Guest opinion: The decriminalization of marijuana is dangerous

By buseman · Jun 28, 2010 · ·
  1. buseman
    A pro-marijuana group is currently collecting signatures to qualify an initiative that would legalize marijuana under the guise of medicine in the state of Florida.

    So, what's the harm, you may ask.

    After all, California's Proposition 215 is called the Compassionate Use Act of 1996, and we all want to be compassionate to those who are suffering from AIDS, glaucoma, or end stage cancer.

    In looking at the facts, it's not quite so simple.

    Marijuana is illegal for a reason. It has numerous health risks, including poor memory, panic attacks, paranoia, persistent anxiety, decreased coordination, increased heart rate and blood pressure and difficulty concentrating.

    More troubling is the lack of data on its usefulness as a medical treatment at all - most medical associations, including the American Medical Association, do not support smoked marijuana as medicine.

    Unlike other medication, "medical" marijuana is not approved by the FDA for use. It is not tested, it has no quality controls and it is not required to be processed in a sterile setting.

    Proponents of "medical" marijuana would have you believe that only those with debilitating physical conditions who have unsuccessfully sought out other, effective, approved treatment will qualify for "medical" marijuana. One only has to look at the numbers from other states to see how widely the programs are being abused.

    In California, of the 300,000 to 400,000 individuals using "medical" marijuana, the highest percentage of individuals are 18-25 year old males.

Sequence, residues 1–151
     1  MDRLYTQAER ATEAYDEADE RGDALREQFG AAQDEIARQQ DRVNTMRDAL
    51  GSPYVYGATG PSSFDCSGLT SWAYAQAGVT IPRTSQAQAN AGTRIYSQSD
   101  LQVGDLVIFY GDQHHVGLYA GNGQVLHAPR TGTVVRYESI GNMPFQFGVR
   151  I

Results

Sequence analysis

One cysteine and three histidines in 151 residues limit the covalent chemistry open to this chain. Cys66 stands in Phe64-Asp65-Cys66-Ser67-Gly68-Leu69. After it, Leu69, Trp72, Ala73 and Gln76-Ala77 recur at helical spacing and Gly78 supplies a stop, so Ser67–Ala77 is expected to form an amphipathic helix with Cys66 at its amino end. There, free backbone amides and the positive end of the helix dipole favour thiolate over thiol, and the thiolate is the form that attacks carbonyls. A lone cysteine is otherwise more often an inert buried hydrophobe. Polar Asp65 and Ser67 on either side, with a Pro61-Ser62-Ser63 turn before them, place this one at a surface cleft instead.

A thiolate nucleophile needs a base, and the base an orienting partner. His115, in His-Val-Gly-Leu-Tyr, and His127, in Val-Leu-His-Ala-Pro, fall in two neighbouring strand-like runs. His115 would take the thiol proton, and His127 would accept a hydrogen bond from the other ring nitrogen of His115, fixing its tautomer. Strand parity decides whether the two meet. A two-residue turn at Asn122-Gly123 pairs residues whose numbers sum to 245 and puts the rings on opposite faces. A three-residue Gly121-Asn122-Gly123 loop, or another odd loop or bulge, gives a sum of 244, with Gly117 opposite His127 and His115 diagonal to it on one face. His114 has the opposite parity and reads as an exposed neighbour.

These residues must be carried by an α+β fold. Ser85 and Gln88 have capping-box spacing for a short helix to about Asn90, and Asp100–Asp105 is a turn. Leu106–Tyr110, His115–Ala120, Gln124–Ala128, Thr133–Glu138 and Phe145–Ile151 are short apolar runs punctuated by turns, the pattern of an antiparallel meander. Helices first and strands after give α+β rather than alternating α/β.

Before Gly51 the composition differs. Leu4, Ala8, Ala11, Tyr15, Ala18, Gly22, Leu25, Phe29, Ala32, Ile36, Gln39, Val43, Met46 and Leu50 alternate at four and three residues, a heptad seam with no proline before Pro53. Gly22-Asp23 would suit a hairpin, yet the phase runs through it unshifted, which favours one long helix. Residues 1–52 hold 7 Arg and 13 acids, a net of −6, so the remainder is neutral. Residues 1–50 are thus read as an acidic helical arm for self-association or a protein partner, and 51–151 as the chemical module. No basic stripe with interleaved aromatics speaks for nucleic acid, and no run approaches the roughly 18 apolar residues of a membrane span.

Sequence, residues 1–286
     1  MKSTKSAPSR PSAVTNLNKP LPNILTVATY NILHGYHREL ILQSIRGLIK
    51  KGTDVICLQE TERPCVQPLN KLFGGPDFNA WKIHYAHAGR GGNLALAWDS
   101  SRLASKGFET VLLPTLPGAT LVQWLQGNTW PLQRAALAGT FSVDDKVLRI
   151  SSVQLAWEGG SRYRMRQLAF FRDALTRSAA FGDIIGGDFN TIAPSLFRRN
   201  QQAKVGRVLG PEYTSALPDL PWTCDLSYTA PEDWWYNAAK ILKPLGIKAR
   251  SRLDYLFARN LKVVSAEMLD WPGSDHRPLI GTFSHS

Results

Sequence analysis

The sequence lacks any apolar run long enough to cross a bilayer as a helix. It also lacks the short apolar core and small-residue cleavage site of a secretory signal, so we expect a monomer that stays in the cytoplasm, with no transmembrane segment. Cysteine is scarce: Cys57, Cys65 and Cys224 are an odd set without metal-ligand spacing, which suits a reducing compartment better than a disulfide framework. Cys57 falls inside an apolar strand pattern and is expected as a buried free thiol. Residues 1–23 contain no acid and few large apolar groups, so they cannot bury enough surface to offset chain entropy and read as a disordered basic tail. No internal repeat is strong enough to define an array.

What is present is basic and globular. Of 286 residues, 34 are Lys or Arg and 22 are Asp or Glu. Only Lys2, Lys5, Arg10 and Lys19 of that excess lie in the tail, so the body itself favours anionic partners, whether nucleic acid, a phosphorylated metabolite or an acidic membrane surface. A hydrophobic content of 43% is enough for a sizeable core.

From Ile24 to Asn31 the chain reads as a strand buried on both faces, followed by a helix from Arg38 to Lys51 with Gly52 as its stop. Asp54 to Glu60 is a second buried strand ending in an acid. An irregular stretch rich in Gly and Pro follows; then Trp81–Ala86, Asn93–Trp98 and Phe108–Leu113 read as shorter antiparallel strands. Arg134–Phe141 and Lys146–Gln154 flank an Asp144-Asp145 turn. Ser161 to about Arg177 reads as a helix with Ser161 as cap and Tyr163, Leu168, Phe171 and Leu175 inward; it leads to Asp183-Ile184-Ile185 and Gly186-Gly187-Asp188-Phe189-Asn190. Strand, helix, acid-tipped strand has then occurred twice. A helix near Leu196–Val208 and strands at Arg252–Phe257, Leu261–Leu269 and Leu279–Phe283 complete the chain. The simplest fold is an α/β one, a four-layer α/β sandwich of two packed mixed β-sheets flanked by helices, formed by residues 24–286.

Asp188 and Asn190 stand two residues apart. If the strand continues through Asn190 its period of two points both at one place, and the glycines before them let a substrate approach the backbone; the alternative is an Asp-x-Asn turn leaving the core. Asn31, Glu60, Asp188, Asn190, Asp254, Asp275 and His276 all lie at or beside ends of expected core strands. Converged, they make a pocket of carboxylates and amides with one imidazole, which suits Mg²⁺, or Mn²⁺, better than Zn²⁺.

In cities like San Diego, where the issue has been closely examined, 2 percent of those smoking marijuana under the guise of medicine have conditions such as AIDS, glaucoma or cancer.

    Ninety-eight percent are being treated with "medical" marijuana for back and neck pain, anxiety, muscle spasms or insomnia.

    In North Hollywood, there are now more "medical" pot clubs than Starbucks.

    Let's look at the cost to businesses.

    Medical marijuana legislation limits the rights of the employer to sanction marijuana users in the workplace or to terminate a person based on a positive drug test as long as the individual tested is using marijuana under the guise of medicine.

    Years of marijuana prevention and education in Lee County would be undermined by the passage of a bill legalizing marijuana.

    The 2008 Florida Youth Substance Abuse Survey found that marijuana use has declined in Lee County, with lifetime use declining from 29.8 percent in 2000 to 24.8 percent in 2008.

    Overall-past-30-day-use went from 15.6 percent in 2000 to 13.0 percent in 2008. Seventy-nine percent of youth surveyed reported that it would be wrong or very wrong for someone their age to smoke marijuana.

    States that have legalized "medical" marijuana rank in the top ten for states with the highest marijuana use in the 12 and older age category.

    Do we want to send a message to our children that smoking marijuana is acceptable?

    "Medical" marijuana is not "compassionate."

    It's dangerous.

    JUNE 27, 2010
    Deborah Comella

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  1. EscapeDummy